In a significant development, U.S. President Donald Trump has signed into law a congressional legislation which backs the pro-democracy uprising in Hong Kong despite objections from China.
The development midst Washington and Beijing trying to hammer out a deal to end a trade war which has dragged China’s economy to its 30-year low.
The legislation, approved unanimously by the U.S. Senate and by all but one lawmaker in the House of Representatives, requires the State Department to annually certify, that Hong Kong retains enough autonomy to justify favorable U.S. trading terms.
This is crucial for Hong Kong if it wants to maintain its position as a world financial center. The U.S. law also threatens sanctions for human rights violations.
Further, the U.S. Congress also passed another bill, which Trump signed into law, which bans the export of crowd control ammunition, including rubber bullets, stun guns, teargas and pepper spray, to the Hong Kong police.
“I signed these bills out of respect for President Xi (Jinping), China, and the people of Hong Kong. They are being enacted in the hope that Leaders and Representatives of China and Hong Kong will be able to amicably settle their differences leading to long term peace and prosperity for all,” said Trump in a statement.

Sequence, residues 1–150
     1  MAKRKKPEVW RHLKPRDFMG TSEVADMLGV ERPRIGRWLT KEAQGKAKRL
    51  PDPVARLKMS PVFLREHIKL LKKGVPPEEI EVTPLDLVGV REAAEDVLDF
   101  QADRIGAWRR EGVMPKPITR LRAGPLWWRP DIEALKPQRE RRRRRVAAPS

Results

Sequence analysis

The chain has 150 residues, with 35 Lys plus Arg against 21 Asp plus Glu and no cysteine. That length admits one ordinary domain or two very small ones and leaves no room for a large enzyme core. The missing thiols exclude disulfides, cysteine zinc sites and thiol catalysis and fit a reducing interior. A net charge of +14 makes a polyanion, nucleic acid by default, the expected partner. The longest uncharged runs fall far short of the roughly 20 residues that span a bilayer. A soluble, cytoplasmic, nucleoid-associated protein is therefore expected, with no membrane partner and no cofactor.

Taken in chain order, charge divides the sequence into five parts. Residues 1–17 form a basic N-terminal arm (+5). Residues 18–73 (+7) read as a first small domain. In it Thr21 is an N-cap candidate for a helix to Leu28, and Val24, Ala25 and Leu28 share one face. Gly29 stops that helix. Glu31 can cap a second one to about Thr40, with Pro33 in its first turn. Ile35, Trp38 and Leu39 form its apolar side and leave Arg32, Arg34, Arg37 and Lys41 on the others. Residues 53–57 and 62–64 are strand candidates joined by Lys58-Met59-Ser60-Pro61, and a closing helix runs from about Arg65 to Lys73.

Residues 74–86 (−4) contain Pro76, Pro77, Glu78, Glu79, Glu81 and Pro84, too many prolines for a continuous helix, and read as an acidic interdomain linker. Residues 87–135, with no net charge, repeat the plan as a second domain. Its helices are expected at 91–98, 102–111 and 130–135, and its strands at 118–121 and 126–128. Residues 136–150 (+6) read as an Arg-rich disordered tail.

China had promised to allow Hong Kong a “high degree of autonomy” for 50 years when it regained sovereignty over the city in 1997. This pledge has formed the basis of the territory’s special status under U.S. law.
Protesters China has steadily usurped freedom in Hong Kong.
China has denounced the legislation as interference in its affairs and has vowed counter-measures.
The measure by Trump is likely to be a signal to China that he is willing to act if Beijing were to intensify its crackdown in Hong Kong.
While many see the bill having mere symbolic value, the bills’ provisions however have the potential, if implemented, to change the territory’s status to that of any other Chinese city. In the event this were to happen, Hong Kong would become just another Chinese port, companies that use the territory’s role as a middleman or for trans-shipping, are likely to take their business elsewhere.
Incidentally, both bills contain strong waivers that allows the president to block their provisions on national-security and national-interest grounds.
According to the State Department, 1,300 U.S. companies operate there, including nearly every major U.S. financial firm.
In 2018, trade between Hong Kong and the United States was estimated to be worth $67.3 billion, with the United States running a $33.8 billion surplus – its biggest with any country or territory.